My recent blog, “7 Ways to Make Her Glad She Married You,” connected. Lots of affirmation. One of the readers asked,  “How about if Karen writes to the women?” I responded: “Great idea.” I quickly wrote her side, gave it to her, and said she could use what she wanted and scrap the rest, hoping she would leave it intact. She took most of the headers but dropped the majority of the content. She wrote in her comments with arrows, circled words, marginal notes, and hieroglyphics. I tried hard to make sense out of each point, which had all been reassigned a new number.

Karen decided to come to my study after 9 PM and talk it through. Big mistake. Halfway into the “discussion,” I determined this was a really bad idea. I had done this kind of editing before. We’re never done. I would call it double-mindedness; she would call it improving. We sat together with her explaining the many new corrections and me getting more frustrated by the minute. I finally pretty much shut down. I was operating in submissive compliance, figuring this project was bombing. With each new addition I inwardly moaned, unable to give verbal hope to what she was less and less excited about, because her husband was a zombie. But she continued to work.

The irony was the name of the blog: “7 Ways to Make Him Glad He Married You.” I had seven current reasons why I wasn’t glad at that moment. Karen was doing what I had seen her doing with me many times before–changing another word, replacing one phrase with a better one, coming up with a fresh Bible verse. I finally announced that I was going to bed. We could finish in the morning.

When it arrived, I felt like I had rebooted my mind. I was thinking fresh and had new hope. I read through what was accomplished through much stress and resistance the night before and decided it wasn’t that bad. I gave her the newest copy and said I thought it could be a go. She said something on how the evening time was about as miserable as it could have been. I told her that I thought it was a bad idea–but not anymore. She again commented on my shutdown-ness. I agreed.

She let the article pass with no more corrections. Major surprise. I thought we might be in for another grueling session. Off it went to the public for their assessment. Three minutes in came the first response. Then others right behind. By afternoon I was wondering if her article would become the biggest hitter in three years of blogging. By evening she had received thirteen verbal responses, mainly from women, but several men chimed in with, “Bravo, Karen.” Many women were grateful to hear wisdom from “the other side.”

Karen and I laughed on our way to Erikka’s house that night about the irony of the subject. It could have been, “7 Reasons Why I Can’t Stand My Husband.” We decided that this thing called marriage takes a lot of work, even more patience, plus the grace of God! Do I hear an “AMEN?!”


I had my chance. Now it’s Karen’s turn to talk about married life. Go ahead, Karen!


Paul is encouraged that I have my own time with the Lord. I don’t rely on him to keep me close to God. I spend time in His Word. I always have loved the Psalms and every Scripture for the day is fresh manna. It is my anchor in life. The Scriptures speak to me, and I often share what I get. I caught on from parents who read the Scriptures daily. Their good example and my husband’s have helped to keep me going.


That was a quote from Alma Hagen, my mom’s best friend. They sure have been a wonderful example to me of joy and cheerfulness. Sometimes couples get way too serious. When laughter goes, so does a healthy marriage. We laugh at ourselves and we laugh together. I love seeing and hearing Paul laugh. It is not only good medicine–it is catchy.


not the worst. My mother used to say, “Put the best construction on all that people say or do.” “In humility count others as better than yourself” (Philippians 2:3). I’d rather believe the best and trust him. His heart is for me. Being positive is so much better than being negative. Thinking negative is insulting to a mate and to the Lord.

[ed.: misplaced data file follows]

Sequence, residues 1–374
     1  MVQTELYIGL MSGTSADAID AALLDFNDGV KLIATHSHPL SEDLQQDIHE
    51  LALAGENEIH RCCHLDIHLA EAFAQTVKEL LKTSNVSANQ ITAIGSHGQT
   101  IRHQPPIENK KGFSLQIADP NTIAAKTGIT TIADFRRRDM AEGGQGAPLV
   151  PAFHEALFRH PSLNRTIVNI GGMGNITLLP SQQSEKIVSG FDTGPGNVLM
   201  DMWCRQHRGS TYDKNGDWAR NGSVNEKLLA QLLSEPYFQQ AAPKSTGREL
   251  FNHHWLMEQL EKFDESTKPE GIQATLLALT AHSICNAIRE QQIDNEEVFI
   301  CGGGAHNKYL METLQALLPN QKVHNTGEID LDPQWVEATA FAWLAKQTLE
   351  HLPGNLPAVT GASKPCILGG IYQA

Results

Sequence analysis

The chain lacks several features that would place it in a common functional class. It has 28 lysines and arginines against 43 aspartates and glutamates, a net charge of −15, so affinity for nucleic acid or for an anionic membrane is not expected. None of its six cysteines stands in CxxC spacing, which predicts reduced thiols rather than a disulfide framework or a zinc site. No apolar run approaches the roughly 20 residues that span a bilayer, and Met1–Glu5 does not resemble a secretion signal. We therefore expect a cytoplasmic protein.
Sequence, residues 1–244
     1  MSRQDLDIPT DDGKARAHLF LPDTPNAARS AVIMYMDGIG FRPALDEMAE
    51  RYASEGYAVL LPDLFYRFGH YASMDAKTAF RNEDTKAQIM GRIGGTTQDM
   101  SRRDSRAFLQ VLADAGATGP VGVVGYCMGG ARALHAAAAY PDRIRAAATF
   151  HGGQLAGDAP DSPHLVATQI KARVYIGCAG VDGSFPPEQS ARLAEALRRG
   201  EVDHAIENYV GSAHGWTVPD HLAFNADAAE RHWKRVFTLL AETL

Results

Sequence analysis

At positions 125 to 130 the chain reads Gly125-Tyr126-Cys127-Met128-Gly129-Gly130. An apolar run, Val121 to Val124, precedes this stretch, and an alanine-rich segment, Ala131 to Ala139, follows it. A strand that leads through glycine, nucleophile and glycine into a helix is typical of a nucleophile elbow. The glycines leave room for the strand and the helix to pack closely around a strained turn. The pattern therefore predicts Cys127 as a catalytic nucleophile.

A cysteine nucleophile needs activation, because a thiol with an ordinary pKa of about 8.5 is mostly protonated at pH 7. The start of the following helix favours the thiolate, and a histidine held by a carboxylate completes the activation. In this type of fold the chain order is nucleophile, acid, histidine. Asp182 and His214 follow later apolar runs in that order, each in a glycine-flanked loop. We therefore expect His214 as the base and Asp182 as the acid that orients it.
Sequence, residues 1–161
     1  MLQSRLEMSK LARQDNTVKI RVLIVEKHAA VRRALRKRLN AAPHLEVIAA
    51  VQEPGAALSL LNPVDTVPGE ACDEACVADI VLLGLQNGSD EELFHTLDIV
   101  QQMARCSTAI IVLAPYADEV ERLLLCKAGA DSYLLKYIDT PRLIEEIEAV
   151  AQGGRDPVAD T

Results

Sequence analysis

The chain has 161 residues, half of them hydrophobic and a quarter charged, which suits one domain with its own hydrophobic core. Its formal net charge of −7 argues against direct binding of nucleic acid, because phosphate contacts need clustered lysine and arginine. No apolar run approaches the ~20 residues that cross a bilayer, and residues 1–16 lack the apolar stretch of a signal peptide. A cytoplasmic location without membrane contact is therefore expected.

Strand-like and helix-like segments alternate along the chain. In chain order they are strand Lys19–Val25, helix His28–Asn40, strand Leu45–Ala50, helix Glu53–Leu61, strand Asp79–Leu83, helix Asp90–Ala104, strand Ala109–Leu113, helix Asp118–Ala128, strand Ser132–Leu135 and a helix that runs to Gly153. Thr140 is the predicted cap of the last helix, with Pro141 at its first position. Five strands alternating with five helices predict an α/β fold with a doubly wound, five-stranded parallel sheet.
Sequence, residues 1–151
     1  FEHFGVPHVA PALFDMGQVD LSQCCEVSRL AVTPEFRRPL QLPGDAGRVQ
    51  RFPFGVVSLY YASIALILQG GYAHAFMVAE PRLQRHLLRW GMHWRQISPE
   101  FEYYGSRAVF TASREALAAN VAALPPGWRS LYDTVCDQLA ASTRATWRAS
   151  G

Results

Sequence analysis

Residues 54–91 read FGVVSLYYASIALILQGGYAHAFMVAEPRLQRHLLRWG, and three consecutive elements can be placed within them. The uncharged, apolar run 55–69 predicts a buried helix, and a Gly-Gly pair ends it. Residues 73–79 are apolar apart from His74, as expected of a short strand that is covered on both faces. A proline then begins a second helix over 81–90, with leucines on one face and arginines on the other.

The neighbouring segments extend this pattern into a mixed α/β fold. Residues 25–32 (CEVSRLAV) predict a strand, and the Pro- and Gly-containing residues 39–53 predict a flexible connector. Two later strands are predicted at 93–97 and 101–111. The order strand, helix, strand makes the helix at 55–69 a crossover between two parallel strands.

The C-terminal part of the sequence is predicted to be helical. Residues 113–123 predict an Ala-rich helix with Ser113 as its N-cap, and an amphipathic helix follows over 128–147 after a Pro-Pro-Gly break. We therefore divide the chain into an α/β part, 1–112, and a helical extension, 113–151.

Love does not keep account of wrong. When a negative past comes up, don’t use the words, “You always” or “you never…” Remember that the Lord forgives and doesn’t hold things against us. We need to forgive as He forgives. We practice that often. Got to.


even when you don’t feel like it. “It is better to give than to receive.” It’s an honor to be married to Paul and work as a team. I love serving him because he is willing to serve me. When I need him because many people are coming to the house, he steps up. Why wouldn’t I do the same? It is good for us to ask each other, “How can I help?”


God’s perfect love casts out fear. Period! That can work if you don’t allow your own heart to reject that love. You need to receive it and trust Him for the rest.


Expect much from the Lord! Expectations from others easily turn into demands. Lighten up and together look to the Lord! Expectations put upon God are NEVER disappointed!



Many men quit. Creates lonely wives. Glad someone told me to date Karen. Even when we were having kids, lots of them, we managed to get away for a walk. One rule: no talking business. Now it’s a bigger deal. I am careful about spending money. Dates are an exception. Out of 52 weeks we manage 46 dates on the average. Helps to keep the fire burning. One guy described his marriage as a hot bath–just keeps cooling off. Hey Pardner, ever heard of romance?


Champion her cause, even if it’s not yours. She needs your vote. Let her know you are for her. She wants affirmation more than advice. The more you support her the more she will support you. Marriage is not two people doing their own thing. If she doesn’t feel your support, she will quit talking. Not a good thing. Everyone has a cause. Fight for hers. You’re on the same team.


I learned the hard way. I told engaged couples, “Don’t get hitched at the altar if you have the itch to alter.” Then I got married. I didn’t heed my own counsel. It doesn’t feel good for a wife to feel like his agenda is to change her. When I finally realized what I was doing, I acknowledged it, said I wouldn’t do it anymore–and I don’t. I married her to love her, not to change her. What an insult! God forgave me and so did she. Now I change me and love her.